In a setback for Florida anti-choice protesters, a federal judge on Tuesday refused to stop the city of West Palm Beach from enforcing a law mandating a “quiet zone” around an abortion clinic in the city until the issue comes to trial in February.
U.S. District Judge Donald Middlebrooks upheld an ordinance, passed in 2005, that restricts shouting, bullhorns, and other sound amplification devices within 100 feet of all health-care facilities. Middlebrooks’ ruling denied the request of anti-choice protesters for a preliminary injunction that would keep the law from being enforced until a full trial.
“I think that [anti-choice protesters] are not substantially likely to prevail on the merits of their First Amendment challenge,” Middlebrooks said.
The 2005 ordinance was passed shortly after Presidential Women’s Center, the city’s only abortion clinic, closed temporarily due to suspected arson. The ordinance also originally mandated a 20-foot “buffer zone” prohibiting protests near clinics, but Middlebrooks struck that down in 2006 on free speech grounds.
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In this case, Middlebrooks said, the First Amendment freedoms of anti-choice protesters are not limited, because the law doesn’t target them specifically; furthermore, they can still hold signs, talk at a normal volume, and distribute literature outside clinics.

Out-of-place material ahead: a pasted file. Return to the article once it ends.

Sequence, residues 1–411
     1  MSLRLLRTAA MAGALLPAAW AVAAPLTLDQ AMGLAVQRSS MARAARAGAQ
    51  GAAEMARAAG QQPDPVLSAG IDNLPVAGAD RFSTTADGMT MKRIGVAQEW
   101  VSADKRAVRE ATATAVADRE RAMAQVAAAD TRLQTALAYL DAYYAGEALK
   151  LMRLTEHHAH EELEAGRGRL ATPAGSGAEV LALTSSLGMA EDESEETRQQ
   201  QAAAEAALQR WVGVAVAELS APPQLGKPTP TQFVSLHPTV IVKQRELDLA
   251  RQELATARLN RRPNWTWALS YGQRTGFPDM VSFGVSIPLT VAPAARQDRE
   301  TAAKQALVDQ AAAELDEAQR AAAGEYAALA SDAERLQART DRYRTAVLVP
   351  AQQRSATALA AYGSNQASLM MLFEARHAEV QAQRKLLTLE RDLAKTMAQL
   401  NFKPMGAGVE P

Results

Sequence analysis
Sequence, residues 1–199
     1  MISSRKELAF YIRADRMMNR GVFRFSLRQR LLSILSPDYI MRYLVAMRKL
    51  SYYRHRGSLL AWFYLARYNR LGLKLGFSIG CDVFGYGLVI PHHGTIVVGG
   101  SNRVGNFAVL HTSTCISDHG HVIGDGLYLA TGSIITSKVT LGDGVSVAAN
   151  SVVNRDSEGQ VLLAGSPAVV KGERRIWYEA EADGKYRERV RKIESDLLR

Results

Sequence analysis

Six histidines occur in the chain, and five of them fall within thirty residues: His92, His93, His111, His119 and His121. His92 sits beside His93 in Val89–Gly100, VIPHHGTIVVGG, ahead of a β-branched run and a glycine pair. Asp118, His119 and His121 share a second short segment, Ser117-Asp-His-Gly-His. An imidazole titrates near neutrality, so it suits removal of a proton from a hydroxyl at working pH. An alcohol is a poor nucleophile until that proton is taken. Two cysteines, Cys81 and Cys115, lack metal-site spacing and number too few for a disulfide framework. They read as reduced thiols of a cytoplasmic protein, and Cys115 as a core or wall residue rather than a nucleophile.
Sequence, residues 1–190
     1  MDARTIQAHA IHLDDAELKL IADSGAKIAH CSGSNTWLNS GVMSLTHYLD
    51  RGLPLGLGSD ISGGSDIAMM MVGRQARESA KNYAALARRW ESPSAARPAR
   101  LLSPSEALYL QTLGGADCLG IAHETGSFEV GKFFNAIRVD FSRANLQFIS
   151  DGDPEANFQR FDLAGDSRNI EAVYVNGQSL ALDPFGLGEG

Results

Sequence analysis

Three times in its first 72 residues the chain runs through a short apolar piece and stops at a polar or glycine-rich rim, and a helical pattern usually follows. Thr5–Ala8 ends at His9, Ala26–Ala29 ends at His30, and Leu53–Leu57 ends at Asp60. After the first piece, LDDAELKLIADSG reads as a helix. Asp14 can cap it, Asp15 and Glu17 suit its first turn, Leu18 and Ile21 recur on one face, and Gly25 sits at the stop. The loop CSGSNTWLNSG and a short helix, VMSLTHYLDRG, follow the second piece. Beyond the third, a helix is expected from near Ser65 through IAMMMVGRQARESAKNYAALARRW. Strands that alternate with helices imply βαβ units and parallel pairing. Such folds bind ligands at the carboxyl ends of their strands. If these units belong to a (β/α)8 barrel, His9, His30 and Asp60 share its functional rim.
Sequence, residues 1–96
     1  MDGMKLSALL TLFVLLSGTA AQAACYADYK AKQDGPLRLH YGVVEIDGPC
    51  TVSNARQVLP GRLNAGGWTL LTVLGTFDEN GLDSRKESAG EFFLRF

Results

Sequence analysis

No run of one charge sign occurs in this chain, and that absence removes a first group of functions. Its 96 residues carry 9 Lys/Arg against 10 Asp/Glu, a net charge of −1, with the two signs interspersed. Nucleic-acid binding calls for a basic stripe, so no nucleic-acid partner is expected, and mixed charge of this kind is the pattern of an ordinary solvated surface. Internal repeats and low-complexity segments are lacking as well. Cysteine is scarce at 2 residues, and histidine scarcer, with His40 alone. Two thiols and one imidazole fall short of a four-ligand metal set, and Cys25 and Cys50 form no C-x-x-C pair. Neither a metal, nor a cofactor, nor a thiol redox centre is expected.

This ruling comes as the U.S. Supreme Court prepares to rule on whether abortion clinic buffer zones in Massachusetts are constitutional, which could affect similar legislation in cities like San Francisco and Portland, Maine.
The ordinance applies to all health-care clinics, but in practice it mostly affects Presidential Women’s Center, which is heavily targeted by anti-choice protesters.
Louis Silber, attorney for the women’s center, told Rewire that he was pleased with the ruling, and congratulated the City of West Palm Beach and its attorneys for “protecting all patients who seek medical care at health-care facilities, including women who seek care at Presidential Women’s Center.”